Page 111 [2023-05-20 Sat 06:30]: [3. The Forces of Production] Reformulated as a method for organizing knowledge practices, Marxism could be quite compatible with scientific work and could provide procedures for thinking about the place of science within capitalism. This was the basic orientation of the left wing of the Social Relations of Science movement, which was strongest in Britain between the thirties and the fifties.15 This orientation maintained a positive outlook on the potentials of technology, as science applied to the rationalization of social production. Yet it was at the same time highly critical of the subordination of science and technology to the capitalist monopoly firm and the imperialist and militarist state.

Page 120 [2023-05-20 Sat 06:46]: [3. The Forces of Production] The Internet came out of the university and took capital by surprise

Page 120 [2023-05-20 Sat 06:54]: [3. The Forces of Production] Kleiner’s starting point is the transformation of the forces of production and the pressure this put on the relations of production.

Page 120 [2023-05-20 Sat 06:55]: [3. The Forces of Production] Cheap computation plus the Internet vector was supposed to make capitalism more efficient and enable capital to route around the power of workers at the point of production. It did all that, but it also opened the prospect of self-organized peer-to-peer production.

Page 121 [2023-05-20 Sat 06:56]: [3. The Forces of Production] There really could have been a telecommunism (“tele” = “at a distance”). Autonomous producers could cheaply and easily communicate and coordinate. This was a possibility that had to be foreclosed to enable a new kind of capture of the surplus by the rising ruling class that I call the vectoralist class

Page 123 [2023-05-20 Sat 07:02]: [3. The Forces of Production] Drawing on the historical vision of the lapsed socialist Alvin Toffler, the California Ideology proposed a world in which technology itself was the sole transformative force of history.44 The hero of this epical-poetical myth was the entrepreneur, who single-handedly battles against labor, state, and culture to unleash the supposedly “natural” force of technology. Once unbound, technology will show itself to be inherently the vehicle of free markets and a return to Jeffersonian democracy.45 Hence, technology is good in essence.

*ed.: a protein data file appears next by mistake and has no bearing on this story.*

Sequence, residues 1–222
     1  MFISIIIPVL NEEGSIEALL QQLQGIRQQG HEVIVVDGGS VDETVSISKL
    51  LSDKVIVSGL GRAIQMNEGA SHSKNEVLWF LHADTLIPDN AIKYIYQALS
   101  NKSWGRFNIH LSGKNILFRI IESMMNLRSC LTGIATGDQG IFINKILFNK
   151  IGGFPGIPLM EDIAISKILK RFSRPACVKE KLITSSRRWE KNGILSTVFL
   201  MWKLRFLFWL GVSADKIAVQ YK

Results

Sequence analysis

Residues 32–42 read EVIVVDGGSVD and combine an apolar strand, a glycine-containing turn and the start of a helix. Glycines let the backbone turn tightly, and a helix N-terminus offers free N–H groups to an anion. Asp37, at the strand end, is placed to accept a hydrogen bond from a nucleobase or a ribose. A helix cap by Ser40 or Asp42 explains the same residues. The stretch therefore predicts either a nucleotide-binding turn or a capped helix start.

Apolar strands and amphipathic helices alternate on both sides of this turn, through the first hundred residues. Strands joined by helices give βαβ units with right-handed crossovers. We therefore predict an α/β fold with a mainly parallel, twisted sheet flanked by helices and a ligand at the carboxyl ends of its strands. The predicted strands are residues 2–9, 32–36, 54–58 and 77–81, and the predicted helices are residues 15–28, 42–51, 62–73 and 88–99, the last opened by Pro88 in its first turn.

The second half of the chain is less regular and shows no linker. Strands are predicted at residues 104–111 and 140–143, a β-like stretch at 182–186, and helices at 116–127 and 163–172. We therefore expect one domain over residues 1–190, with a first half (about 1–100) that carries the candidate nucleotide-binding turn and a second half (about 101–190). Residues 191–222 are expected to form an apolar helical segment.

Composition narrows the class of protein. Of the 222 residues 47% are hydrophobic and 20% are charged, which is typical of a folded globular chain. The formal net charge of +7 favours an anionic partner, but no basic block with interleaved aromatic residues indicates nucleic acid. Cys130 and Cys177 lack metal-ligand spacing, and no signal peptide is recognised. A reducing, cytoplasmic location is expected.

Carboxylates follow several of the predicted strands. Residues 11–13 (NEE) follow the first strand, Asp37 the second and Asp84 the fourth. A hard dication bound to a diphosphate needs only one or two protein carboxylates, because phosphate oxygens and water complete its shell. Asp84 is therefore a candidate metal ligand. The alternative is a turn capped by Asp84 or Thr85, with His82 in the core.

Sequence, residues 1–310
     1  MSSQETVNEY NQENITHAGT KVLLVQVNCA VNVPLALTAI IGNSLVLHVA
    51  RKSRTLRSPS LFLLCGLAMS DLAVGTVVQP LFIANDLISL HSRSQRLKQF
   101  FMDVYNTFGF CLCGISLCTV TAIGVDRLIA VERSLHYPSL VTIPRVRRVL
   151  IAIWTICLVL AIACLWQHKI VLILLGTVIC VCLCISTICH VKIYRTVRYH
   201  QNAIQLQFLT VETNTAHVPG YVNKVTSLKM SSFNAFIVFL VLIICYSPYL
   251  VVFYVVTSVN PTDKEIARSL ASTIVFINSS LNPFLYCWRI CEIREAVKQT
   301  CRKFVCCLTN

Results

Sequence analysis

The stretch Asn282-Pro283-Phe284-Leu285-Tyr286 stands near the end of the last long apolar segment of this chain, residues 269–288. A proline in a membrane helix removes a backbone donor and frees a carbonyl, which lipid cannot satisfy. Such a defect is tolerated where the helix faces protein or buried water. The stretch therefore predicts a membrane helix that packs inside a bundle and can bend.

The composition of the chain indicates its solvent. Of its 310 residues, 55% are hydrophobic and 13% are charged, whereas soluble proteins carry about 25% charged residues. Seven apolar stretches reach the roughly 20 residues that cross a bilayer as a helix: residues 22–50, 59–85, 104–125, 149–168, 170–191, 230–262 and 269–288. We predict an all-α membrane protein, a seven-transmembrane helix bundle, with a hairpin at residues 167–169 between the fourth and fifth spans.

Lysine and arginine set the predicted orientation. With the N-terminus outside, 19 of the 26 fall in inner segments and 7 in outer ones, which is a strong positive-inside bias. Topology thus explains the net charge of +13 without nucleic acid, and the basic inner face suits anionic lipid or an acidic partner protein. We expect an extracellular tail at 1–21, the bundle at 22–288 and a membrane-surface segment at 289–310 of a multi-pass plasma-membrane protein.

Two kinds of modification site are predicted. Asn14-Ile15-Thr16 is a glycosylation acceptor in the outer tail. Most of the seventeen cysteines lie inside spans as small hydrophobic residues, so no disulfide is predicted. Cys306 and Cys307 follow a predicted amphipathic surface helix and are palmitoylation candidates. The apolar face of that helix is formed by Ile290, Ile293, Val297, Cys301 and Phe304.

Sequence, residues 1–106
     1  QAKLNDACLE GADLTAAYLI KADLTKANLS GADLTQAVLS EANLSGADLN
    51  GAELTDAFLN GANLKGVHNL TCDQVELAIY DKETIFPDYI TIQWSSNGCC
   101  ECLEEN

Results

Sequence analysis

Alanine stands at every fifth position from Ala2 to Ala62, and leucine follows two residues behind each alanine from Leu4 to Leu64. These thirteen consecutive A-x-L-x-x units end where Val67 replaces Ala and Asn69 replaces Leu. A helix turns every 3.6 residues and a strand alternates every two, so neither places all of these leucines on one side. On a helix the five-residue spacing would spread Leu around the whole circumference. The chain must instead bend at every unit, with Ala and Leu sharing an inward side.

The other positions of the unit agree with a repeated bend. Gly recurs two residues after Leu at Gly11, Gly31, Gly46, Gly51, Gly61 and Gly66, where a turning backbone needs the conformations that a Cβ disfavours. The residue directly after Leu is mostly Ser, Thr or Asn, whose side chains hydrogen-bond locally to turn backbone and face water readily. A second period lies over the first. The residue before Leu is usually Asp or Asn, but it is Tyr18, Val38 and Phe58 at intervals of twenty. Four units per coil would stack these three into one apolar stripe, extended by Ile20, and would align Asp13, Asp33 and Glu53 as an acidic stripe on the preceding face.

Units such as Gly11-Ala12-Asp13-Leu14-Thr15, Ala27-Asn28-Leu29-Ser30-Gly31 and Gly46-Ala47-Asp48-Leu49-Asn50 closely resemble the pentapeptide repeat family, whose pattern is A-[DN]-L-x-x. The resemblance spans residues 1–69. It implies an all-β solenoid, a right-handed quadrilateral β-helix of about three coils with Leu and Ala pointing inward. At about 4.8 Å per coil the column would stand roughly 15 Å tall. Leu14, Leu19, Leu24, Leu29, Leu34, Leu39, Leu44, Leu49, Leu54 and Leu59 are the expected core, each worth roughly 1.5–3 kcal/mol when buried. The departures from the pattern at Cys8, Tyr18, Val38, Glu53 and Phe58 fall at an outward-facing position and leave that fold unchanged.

Page 124 [2023-05-20 Sat 07:04]: [3. The Forces of Production] As Barbrook points out, the development of the forces of production is not magically called into being from the brains of business geniuses. In the case of Silicon Valley, it took a massive amount of state funding, passing through university research labs.47 It may at one point have been quite possible that these developments could have led to a digital agora or commons as well as (or as an alternative to) new forms of class power based on information asymmetries and the surveillance state. What gets erased in both moral fables about technology, the one where its essence is good and the one where its essence is bad, is the struggle over the form the technologies of Internet would take.

Page 126 [2023-05-20 Sat 07:10]: [3. The Forces of Production] What is good or bad about technology is the outcome of class conflict over its form and between more than two classes.

Page 130 [2023-05-20 Sat 07:16]: [4. The Class Location Blues] One has to ask whether the ruling class presiding over this mode of production is still adequately described as capitalist.4 It seems no longer necessary to directly own the means of production. A remarkable amount of the valuation of the leading companies of our time consists not of tangible assets, but rather of information. A company is its brands, its patents, its trademarks, its reputation, its logistics, and perhaps above all its distinctive practices of evaluating information itself.

Page 134 [2023-05-20 Sat 07:31]: [4. The Class Location Blues] The problem with an inherited concept, like inherited money, is that we didn’t make it ourselves and come to take it for granted

8. Elsewhere

8.2. In the Agora

8.3. Mentions

Recent changes. Source. Peer Production License.